It’s interesting how different it is. When I spoke about Nia Archives last week, I explored the intricacies of the genre, as it differs from the more recognized (comparatively) EDM and techno. For HAAi, she’s taking it to a different level, which may not seem as much at first, but you end up seeing the nuances of her craft. That’s how I latched on so swiftly to the music. You have this remarkable balance between the performance and studio, yet, there is so much more. I wasn’t as hyperactive with Electronic releases last year, but when I say HAAi’s debut is stellar, I’m not capping. But as I keep delving more into this world – beyond hitting play on a random mix – write-ups will continue.

Flume – Palaces: Review

Flume’s production styles fluctuate and replicate a sense of competency, sometimes extending beyond and giving us a wider world of great electronic music. It is evident with past releases, Skins and Hi This Is Flume, and is similarly the case on his new album, Palaces. Unfortunately, it’s poorly conceived, confining itself in experimental lanes of industrial and pop complexions. Flume doesn’t extend beyond his reach. It leaves you feeling empty due to Palaces keening in too much on developing atmosphere and less on constructing something more elevated and vibrant. Getting lost in its sound, it stumbles over poorly constructed tracks with some featured artists and poor cohesion, but a few stood out amongst the 13-tracklist.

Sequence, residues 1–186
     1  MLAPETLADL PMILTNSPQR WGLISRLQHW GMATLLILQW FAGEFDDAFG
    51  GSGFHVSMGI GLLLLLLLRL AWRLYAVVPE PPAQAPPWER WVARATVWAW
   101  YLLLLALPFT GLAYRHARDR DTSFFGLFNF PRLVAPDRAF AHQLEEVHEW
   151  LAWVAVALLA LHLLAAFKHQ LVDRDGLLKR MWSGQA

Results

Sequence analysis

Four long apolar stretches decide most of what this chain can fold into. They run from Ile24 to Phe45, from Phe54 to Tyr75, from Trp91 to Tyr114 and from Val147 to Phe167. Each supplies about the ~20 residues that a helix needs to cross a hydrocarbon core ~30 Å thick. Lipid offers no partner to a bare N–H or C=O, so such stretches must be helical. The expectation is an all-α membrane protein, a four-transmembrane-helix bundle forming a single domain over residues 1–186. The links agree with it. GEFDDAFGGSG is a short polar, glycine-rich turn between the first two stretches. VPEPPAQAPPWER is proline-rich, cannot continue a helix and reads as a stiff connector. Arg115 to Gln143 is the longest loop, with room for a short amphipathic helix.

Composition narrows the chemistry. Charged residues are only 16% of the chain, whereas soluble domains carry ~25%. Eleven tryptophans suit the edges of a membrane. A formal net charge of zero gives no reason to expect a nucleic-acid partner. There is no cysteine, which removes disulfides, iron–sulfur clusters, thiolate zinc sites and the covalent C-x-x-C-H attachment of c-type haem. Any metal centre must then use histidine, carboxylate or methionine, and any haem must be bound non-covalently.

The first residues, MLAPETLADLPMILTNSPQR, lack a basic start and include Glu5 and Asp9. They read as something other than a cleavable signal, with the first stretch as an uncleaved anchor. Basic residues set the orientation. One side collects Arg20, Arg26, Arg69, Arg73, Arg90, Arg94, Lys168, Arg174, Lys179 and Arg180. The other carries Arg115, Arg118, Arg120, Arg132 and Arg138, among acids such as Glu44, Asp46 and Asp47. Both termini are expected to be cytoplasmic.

Flume is known for creative shifts in production, sometimes creating these dynamic sounds that elevate the plateau his music gets placed. We hear these shifting styles fluctuating core elements of pop and experimental/IDM (intelligent dance music) electronica without great contrasts and instead becomes jarring and off-putting. It’s more so within individual tracks, which it tries to create these unique hybrids without much of a payoff. Occasionally working with certain features, it’s heightened, working more fluidly when Flume comes at these tracks working solo. He offers a sense of nuance to the styles getting incorporated, specifically with how it’s deconstructed to give you a natural feel of the instruments. We hear this beautiful crescendo through tracks like “Jaspers Song” and “Go” while maintaining a grounded sense of musicality.